If you have a website, a portfolio, a blog, a business, a Facebook app, or some kind of community forum, chances are you have a web server. While you could used shared services like Blogger.com, Tumblr, GeoCities (remember GeoCities?) or WordPress.com, when you want that custom experience, that unique vibe, you gotta use your own server.
Recently at electrokami.com, we upgraded our server to a dedicated virtual server from Media Temple, something like a virtual private server (VPS). Needless to say, the jump in performance was massive!
But we didn’t upgrade on a whim, it took time for us to think about why and how we should upgrade the server. Here are some reasons to upgrade your web server.
It loads slowly
This one seems like a no-brainer, but you have to take a closer look at the qualifiers. Here is a list of questions to ask when it comes to upgrading your server, using ours as an example response.
- Is it slow because the hosting company is slow?
- (no – and if it is then find a new host)
- Is it slow because you have multiple sites on the same server?
- (yes – and most of them are complex PHP and MySQL sites or apps)
- Is there a blog on your server?
- (yes – two actually, both getting quite a bit of traffic each day)
- Is the programming on the website optimized?
- (yes – always make sure that slow load times are not due to bugs or unoptimized code)
- Are your assets optimized?
- (yes – we always optimize our CSS, JS, Flash, and images to ensure speedy load times)
You ran out of server space
Depending on the type of website you have and what it does, space is a precious, precious commodity. Whether it be hard drive space for all of your images and other assets, or database size, you may soon hit a wall where your content outweighs your capacity. When that day comes, it might mean you should upgrade your server.
Likewise, if you are hosting several sites and find that space is slowly diminishing, consider removing or reallocating space from sites that don’t need as much (like a text heavy website) and giving it to sites that do (like a portfolio or blog).
One or more of your sites hit the bandwidth limit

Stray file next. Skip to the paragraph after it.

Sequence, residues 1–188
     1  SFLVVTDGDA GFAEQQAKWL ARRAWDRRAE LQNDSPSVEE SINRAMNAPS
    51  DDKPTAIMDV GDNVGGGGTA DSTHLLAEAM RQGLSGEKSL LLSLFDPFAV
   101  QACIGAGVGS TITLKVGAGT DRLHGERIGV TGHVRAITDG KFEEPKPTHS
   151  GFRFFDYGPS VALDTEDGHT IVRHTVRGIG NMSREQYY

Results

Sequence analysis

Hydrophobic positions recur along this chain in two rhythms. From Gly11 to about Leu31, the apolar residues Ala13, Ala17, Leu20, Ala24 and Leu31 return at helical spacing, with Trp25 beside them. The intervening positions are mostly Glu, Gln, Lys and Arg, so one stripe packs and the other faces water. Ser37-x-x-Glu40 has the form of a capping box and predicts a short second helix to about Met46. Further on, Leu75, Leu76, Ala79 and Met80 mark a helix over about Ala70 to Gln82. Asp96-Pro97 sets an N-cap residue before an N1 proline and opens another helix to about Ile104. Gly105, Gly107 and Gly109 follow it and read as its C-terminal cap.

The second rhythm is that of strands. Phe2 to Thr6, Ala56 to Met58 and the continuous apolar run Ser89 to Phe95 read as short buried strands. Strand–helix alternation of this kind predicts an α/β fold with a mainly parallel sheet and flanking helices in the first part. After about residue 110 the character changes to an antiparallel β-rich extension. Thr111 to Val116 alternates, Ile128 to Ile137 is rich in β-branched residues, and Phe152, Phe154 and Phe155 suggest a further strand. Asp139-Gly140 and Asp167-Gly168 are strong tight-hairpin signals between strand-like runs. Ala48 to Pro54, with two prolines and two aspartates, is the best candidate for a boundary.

This one should be an easy decision too. If you have a very popular blog, a heavily trafficked wiki site, a digital download service, or a high-profile app, then you are also getting a ton of visitors and users and therefore are probably tapping your bandwidth limit.
Not only do some web server companies ding you financially for every overage of traffic, your site might get shutdown or even suspended!
Now don’t go and buy a heavy duty bandwidth plan for your server just yet though, you can also try getting a content delivery network to lighten the load, or consider using a download service like BitTorrent to aid in transferring large files to your users.
If the costs of using a content delivery network (CDN) outweigh the purchase of an upgraded server or higher bandwidth allocation, then do some more research on both.
You’re on a shared server with too much downtime
Shared hosting is a dangerous thing for some – it looks cheap up front, but some server hosting companies can load on up to 1000 different websites on one server!
When your website goes down and you just paid for ads on Google, Yahoo, or Facebook, what are you going to do? What can you do? If you have shared hosting (and most people do), then you usually get what you paid for – which isn’t much!
Hopefully if you are hosting with something more along the lines of a grid-based server, you will at least be able to load the page. But on a lot of shared hosts, when another user’s site has tons of unexpected traffic, it usually takes down the whole thing, meaning your site gets punished for other’s peaks in traffic.
Most shared-hosting companies will charge the person who goes over their cap and stalls the server, but that still doesn’t bring back your site when you need it most. If you are planning to purchase ads digitally or in print advertising, make sure that your website will be online and load quickly when people come to see it!
When it comes down to the decision, upgrading a server costs money, may cost time (to transfer files and databases), and may not even solve the problem (if your code isn’t optimized or your hosting company is busted).
Take time to consider all of the possibilities of why your website is slow before getting the upgrade.
Other then that, good luck!